It isn’t wholly unlikely that this change in style was influenced by the production company, Republic Pictures, one of the smaller Hollywood studios. Modesty of means often calls for invention, as is evident in a sequence at a railway station. The whole scene consists of shots of five people waiting on a platform bench. We never get a reverse shot of the approaching train or its passengers. This displaces the scene’s focus from the new stranger entering town to the reaction of Danny and the townsfolk to his arrival.”

 

[Full article at Firstpost]

[A report on Mirza’s masterclass at the Bangalore International Centre in February]

Saeed Akhtar Mirza in conversation with Aakar Patel.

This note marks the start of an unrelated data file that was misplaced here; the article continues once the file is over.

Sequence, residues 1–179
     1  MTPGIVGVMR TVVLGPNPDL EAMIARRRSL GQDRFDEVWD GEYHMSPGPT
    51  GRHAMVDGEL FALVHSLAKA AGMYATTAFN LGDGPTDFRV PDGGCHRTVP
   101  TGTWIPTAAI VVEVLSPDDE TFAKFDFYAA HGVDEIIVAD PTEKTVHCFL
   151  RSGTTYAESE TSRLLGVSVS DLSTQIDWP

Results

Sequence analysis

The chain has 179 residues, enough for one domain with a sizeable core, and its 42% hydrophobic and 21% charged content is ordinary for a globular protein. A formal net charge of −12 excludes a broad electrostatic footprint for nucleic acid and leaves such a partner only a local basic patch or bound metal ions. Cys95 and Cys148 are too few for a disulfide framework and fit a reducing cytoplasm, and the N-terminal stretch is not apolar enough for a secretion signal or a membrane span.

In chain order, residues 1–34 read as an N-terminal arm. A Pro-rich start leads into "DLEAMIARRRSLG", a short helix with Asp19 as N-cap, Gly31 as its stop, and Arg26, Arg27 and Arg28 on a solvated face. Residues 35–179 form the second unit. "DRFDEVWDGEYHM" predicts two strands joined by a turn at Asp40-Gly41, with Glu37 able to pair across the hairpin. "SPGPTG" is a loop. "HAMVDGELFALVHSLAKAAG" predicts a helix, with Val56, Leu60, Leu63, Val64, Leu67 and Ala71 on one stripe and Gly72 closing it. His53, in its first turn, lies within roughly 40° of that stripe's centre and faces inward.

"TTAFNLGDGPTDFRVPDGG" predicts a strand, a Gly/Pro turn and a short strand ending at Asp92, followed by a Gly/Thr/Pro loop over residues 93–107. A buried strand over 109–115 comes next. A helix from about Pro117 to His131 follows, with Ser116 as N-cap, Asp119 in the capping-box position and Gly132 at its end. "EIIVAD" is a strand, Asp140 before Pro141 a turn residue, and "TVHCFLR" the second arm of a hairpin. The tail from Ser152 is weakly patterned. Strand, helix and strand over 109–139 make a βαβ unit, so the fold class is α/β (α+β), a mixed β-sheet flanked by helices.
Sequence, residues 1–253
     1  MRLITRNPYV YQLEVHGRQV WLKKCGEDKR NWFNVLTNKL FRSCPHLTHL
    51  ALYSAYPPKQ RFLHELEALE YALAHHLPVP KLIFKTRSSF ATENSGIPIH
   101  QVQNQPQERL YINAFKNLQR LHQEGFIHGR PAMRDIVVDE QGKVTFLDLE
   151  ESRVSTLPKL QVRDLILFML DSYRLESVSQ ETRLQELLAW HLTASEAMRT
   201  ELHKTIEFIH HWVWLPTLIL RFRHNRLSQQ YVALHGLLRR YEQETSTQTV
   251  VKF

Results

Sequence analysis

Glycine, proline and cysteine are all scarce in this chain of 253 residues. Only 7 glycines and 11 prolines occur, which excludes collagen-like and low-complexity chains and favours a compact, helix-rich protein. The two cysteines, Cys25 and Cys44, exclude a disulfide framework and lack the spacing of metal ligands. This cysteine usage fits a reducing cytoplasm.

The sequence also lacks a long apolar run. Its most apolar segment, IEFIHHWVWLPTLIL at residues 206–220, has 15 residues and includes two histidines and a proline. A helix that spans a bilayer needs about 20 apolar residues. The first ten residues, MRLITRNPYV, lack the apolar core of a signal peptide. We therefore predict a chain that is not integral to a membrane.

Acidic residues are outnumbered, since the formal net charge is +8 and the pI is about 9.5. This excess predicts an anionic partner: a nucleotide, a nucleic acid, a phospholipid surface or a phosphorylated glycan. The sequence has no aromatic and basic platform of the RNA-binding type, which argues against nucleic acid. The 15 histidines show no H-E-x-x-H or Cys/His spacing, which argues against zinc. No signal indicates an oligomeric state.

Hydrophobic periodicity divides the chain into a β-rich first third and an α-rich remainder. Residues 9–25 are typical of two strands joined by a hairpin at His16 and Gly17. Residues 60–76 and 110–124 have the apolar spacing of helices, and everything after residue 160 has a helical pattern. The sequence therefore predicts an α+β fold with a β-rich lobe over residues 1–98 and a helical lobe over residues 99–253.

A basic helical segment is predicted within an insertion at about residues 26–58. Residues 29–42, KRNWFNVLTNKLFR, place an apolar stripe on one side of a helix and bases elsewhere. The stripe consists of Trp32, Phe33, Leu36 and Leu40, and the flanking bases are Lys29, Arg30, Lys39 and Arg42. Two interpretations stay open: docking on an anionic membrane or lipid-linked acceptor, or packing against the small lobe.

“Asked about the long, revealing titles of his films, Mirza speaks of a democratic dialogue with the audience, of not wanting to deceive them. When the viewer buys a ticket, he says, he has an idea of the film he’s walking into. “It’s not some Khandaan or Jurm.

In no other film is the title as illuminating as in Salim Langde Pe Mat Ro (1989). The instruction—don’t cry over Salim the cripple—positions the film as a tragedy, with the fate of its lead character sealed from the start. Salim, a low-level hustler with dreams of making it big as a gangster, gets a rude awakening when he’s showed his place by a system that views him differently. The Mumbai slang of Salim and those who abuse him are far from the Byron-quoting urbanity of Mirza, who had to undertake midnight trips to Dharavi to talk to real underworld figures as part of his preparation.